Should editors influence journal impact factors?
Abstract:The journal impact factor is widely used as a performance indicator for single authors (despite its unsuitably in this respect). Hence, authors are increasingly exercised if there is any sign that impact factors are being manipulated. Editors who ask authors to cite relevant papers from their own journal are accused of acting unethically. This is surprising because, besides publishers, authors are the primary beneficiaries of an increased impact factor of the journal in which they publish, and because the citation process is biased anyway. There is growing evidence that quality and relevance are not always the reasons for choosing references. Authors' biases and personal environments as well as strategic considerations are major factors. As long as an editor does not force authors to cite irrelevant papers from their own journal, I consider it as a matter of caretaking for the journal and its authors if an editor brings recent papers to the authors' attention. It would be unfair to authors and disloyal to the publisher if an editor did not try to increase the impact of his/her own journal.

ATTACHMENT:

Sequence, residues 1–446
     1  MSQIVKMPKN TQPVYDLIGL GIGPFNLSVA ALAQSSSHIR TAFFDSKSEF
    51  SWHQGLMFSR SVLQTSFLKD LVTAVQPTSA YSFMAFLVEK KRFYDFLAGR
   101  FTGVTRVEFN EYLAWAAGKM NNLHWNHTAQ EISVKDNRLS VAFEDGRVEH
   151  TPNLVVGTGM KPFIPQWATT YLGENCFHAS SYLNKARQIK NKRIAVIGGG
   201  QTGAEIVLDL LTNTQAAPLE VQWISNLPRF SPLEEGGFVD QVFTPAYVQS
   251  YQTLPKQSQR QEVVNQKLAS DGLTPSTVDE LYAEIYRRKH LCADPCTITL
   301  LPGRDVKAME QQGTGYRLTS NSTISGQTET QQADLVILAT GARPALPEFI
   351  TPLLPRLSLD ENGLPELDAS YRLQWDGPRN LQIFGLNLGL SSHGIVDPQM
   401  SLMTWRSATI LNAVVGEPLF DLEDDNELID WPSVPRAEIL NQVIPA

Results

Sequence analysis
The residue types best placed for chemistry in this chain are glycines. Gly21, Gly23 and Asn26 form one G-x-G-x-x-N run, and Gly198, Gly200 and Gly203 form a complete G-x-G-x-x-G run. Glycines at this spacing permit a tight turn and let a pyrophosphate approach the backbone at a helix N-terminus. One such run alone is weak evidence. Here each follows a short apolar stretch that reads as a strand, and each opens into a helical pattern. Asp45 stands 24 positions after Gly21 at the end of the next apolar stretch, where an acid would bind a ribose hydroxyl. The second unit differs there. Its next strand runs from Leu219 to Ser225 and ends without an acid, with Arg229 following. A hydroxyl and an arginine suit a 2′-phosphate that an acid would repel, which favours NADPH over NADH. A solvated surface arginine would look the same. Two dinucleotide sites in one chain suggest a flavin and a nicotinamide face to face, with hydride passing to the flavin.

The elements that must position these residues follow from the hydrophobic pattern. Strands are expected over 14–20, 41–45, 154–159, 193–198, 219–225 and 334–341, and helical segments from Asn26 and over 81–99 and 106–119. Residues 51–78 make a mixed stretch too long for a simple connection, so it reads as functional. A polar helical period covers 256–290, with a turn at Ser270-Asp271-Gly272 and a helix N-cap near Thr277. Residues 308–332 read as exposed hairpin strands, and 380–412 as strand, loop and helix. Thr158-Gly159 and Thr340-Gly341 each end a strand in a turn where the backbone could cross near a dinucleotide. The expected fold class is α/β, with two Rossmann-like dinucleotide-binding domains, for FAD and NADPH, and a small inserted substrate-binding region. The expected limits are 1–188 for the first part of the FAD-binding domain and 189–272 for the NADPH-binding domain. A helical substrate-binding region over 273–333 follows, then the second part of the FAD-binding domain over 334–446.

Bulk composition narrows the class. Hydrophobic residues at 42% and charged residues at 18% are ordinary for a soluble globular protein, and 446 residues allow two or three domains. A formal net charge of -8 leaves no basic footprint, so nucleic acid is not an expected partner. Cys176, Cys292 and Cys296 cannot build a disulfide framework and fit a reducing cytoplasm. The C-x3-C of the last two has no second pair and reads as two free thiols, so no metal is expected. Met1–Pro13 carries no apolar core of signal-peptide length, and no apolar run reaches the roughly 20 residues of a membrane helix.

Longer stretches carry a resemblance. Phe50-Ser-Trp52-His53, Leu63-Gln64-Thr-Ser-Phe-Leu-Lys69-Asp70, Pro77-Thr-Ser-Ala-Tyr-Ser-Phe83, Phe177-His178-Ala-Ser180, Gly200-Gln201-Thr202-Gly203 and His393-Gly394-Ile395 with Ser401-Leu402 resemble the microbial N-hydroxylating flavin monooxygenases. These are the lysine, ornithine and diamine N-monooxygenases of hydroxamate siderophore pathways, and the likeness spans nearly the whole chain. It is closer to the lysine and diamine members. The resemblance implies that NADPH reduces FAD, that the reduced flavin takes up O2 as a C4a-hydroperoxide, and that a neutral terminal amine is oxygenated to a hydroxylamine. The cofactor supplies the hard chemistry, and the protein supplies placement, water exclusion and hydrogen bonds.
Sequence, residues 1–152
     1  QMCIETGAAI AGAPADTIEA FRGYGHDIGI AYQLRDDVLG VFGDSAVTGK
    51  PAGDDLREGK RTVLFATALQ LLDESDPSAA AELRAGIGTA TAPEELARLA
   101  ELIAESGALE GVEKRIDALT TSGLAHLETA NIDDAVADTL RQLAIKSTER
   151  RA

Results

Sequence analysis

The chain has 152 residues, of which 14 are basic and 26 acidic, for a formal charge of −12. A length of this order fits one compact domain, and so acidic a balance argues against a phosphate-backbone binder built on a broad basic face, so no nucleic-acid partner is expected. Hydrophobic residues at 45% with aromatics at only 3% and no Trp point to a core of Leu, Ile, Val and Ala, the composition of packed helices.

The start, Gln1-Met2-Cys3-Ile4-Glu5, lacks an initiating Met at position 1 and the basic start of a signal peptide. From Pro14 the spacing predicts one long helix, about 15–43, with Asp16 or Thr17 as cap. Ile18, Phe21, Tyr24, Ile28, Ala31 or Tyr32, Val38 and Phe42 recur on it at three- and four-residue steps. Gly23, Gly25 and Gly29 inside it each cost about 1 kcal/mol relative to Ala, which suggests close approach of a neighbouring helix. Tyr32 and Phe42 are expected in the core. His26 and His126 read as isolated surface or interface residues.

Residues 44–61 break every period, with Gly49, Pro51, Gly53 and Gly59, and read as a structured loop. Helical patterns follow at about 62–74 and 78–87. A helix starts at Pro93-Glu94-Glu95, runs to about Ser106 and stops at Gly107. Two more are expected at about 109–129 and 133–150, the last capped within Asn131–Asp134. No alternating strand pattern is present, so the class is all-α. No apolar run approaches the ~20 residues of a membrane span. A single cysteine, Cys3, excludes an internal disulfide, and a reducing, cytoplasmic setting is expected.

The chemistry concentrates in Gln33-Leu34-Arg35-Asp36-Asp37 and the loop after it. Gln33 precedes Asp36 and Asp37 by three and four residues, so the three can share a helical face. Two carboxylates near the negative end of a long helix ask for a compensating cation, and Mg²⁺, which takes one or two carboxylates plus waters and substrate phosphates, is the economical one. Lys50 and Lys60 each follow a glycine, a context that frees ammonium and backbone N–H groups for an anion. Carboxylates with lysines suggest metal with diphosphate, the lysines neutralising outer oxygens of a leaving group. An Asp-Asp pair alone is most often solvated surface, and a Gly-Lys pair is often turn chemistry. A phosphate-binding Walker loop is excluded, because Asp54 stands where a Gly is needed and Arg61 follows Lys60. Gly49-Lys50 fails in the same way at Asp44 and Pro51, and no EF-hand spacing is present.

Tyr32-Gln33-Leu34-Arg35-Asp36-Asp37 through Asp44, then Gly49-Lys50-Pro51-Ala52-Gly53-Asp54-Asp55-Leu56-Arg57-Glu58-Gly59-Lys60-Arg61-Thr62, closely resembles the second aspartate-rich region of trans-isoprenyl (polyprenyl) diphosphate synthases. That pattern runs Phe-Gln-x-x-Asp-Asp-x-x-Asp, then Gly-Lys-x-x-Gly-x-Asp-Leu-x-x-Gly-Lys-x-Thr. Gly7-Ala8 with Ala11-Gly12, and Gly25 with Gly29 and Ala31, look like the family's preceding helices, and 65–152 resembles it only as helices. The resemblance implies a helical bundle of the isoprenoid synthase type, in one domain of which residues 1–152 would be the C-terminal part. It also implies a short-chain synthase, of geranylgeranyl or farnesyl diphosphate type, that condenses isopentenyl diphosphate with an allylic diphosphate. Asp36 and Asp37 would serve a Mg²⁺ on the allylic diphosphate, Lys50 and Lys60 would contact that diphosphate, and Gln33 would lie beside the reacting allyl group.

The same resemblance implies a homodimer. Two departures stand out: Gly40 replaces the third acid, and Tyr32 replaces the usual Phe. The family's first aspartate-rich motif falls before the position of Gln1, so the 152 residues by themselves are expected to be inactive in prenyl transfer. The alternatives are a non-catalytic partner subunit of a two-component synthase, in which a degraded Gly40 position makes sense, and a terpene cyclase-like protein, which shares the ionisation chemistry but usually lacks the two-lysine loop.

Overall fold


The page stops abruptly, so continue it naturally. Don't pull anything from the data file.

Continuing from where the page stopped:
Document Type: Research Article
Publication date: January 1, 2010
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